A couple of summers ago, I had the opportunity to take a special two-months Flash development class in San Diego. Sophia convinced me to rent a room from Craigslist and stay in San Diego for the summer. I found a cheap, furnished room, and within a few days, I was living in San Diego.
The owners of the house were the Beechers, a nice middle-aged couple who rented two of their extra rooms to students. They were a religious couple who had crosses hanging all over the house. The cross over my bed was gone, but the paint on the wall around it had discolored, so the image of the cross still existed, like a ghost.
Every few days, the friendly couple would come into my room to chat. They were both former computer programmers and it was interesting to hear them tell stories about the days of using cards to program FORTRAN. My room was pretty small, so sometimes we would just sit on my bed and talk. They were always inviting me to come to one of their Sunday "group meetings," but I always told them that I was busy or visiting Sophia in Los Angeles. I don’t think they knew I was Jewish.
Two weeks before the end of the summer, Sophia decided to come stay with me. I asked the Beechers if it was OK for Sophia to stay with me, making sure I told them that we were officially married. They said it was fine. In fact, they were excited to finally meet Sophia. Mrs. Beecher started talking about how they were having a big "group" picnic on Sunday and wanted me to bring Sophia along. She handed me an invitation to the event.
I finally told them I was Jewish, hoping to explain my continued reluctance to participate in their group. Mr. Beecher said that that it was a non-religious picnic and their group welcomed all faiths. I finally caved in and said OK — but first I would have to ask Sophia.
Sophia arrived and it was great to see her. We drove to one of favorite Mexican restaurants in Old Town. I told her all about the Beechers and their picnic on Sunday.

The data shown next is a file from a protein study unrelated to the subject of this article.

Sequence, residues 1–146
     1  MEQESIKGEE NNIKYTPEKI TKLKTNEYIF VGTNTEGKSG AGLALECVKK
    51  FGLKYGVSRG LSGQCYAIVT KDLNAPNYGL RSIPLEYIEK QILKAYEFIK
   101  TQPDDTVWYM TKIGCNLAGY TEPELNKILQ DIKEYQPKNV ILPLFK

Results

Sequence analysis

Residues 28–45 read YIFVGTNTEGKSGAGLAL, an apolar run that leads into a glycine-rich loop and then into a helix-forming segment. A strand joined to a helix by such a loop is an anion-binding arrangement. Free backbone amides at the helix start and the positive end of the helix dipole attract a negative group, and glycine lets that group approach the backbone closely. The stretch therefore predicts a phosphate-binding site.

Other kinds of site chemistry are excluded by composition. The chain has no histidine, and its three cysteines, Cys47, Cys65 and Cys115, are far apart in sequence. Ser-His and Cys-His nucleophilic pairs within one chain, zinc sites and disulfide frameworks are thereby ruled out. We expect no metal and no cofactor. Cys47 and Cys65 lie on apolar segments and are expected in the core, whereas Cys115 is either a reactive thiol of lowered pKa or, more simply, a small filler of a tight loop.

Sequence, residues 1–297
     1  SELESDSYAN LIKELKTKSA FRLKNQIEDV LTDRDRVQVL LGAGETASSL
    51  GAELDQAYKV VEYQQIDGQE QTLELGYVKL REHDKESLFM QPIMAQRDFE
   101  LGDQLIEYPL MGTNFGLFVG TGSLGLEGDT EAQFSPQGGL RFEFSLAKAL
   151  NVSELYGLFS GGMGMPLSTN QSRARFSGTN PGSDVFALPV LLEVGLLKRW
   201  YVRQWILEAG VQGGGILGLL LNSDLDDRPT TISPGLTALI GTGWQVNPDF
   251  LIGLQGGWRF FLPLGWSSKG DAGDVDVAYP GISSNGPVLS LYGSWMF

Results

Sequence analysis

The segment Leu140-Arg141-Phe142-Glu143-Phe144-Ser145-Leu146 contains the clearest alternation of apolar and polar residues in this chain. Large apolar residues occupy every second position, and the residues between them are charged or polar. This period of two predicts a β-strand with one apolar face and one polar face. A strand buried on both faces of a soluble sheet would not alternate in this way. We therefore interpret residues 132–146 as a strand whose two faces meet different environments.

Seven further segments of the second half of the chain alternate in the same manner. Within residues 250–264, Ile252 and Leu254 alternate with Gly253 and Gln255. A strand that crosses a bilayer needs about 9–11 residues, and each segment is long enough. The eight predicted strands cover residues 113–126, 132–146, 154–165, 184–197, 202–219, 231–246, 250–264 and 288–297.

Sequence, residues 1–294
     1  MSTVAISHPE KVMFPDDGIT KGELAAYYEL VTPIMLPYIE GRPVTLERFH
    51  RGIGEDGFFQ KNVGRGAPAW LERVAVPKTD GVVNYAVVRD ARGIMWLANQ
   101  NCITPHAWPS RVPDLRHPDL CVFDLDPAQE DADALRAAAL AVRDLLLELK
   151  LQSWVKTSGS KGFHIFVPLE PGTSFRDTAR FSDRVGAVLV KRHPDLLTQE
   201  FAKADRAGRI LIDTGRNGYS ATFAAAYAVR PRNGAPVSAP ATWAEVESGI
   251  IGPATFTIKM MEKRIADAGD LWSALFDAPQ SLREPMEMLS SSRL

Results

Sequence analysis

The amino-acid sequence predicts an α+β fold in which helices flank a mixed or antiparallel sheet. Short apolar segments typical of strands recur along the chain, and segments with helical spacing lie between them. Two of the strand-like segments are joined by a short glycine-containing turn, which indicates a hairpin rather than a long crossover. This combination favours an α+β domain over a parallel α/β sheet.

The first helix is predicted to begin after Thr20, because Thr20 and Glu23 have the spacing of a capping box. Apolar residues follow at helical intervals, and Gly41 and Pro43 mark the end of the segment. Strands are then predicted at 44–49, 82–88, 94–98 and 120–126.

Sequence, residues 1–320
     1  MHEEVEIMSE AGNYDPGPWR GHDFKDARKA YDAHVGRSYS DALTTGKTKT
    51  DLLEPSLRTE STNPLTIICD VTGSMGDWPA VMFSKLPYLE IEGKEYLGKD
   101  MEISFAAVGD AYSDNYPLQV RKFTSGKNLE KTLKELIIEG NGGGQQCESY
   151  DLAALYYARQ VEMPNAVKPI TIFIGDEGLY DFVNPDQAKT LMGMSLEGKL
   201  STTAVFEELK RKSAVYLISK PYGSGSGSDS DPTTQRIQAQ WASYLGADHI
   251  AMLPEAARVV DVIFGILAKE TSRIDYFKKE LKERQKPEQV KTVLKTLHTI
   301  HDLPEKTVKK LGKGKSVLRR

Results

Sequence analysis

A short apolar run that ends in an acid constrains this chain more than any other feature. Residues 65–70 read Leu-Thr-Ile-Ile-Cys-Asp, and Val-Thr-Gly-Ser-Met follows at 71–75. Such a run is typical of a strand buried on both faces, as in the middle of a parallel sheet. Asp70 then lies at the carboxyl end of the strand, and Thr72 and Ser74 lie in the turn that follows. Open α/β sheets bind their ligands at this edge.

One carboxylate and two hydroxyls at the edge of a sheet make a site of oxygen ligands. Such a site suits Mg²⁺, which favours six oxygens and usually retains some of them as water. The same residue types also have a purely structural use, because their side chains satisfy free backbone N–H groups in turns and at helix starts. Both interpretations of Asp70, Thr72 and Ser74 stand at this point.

"I don’t want to go to some Christian picnic." she said. "Did you tell them that we’re Jewish?"
"I did. But it’s just a picnic. No big deal. It’s not going to be a religious thing."
"And what the hell are we going to do there?"
"I don’t know, Meet some nice people… like the Beechers. Nice Christians. You’re always talking about how much you hate phony Hollywood types. Now’s our chance to meet some real people."
I handed Sophia the invitation. She started to read it.
"This is the group with the picnic?"
"I guess so. The Lifestylers. I guess they follow a Christian lifestyle."
Sophia started laughing.
"Neil, you idiot. You are so naive. I saw a piece on the news about these people. This is not a Christian group. They’re swingers. You’re living with swingers. They don’t care if we’re Jewish or not. They don’t want to convert us. They want to fuck us."
Suddenly, I thought about my last two months with the Beechers. About how Mrs. Beecher always sat down next to me on my bed. About how I would always run into one of the Beechers when I left the shower. About how they were always trying to get me to go to a "group meeting." About how excited Mr. Beecher got when he heard that Sophia was coming to town.
Chills went up and down my spine and I almost fainted into my enchilada.
I spent the rest of the week at the Beechers with my door locked. I spent my last week in San Diego at the Doubletree Hotel.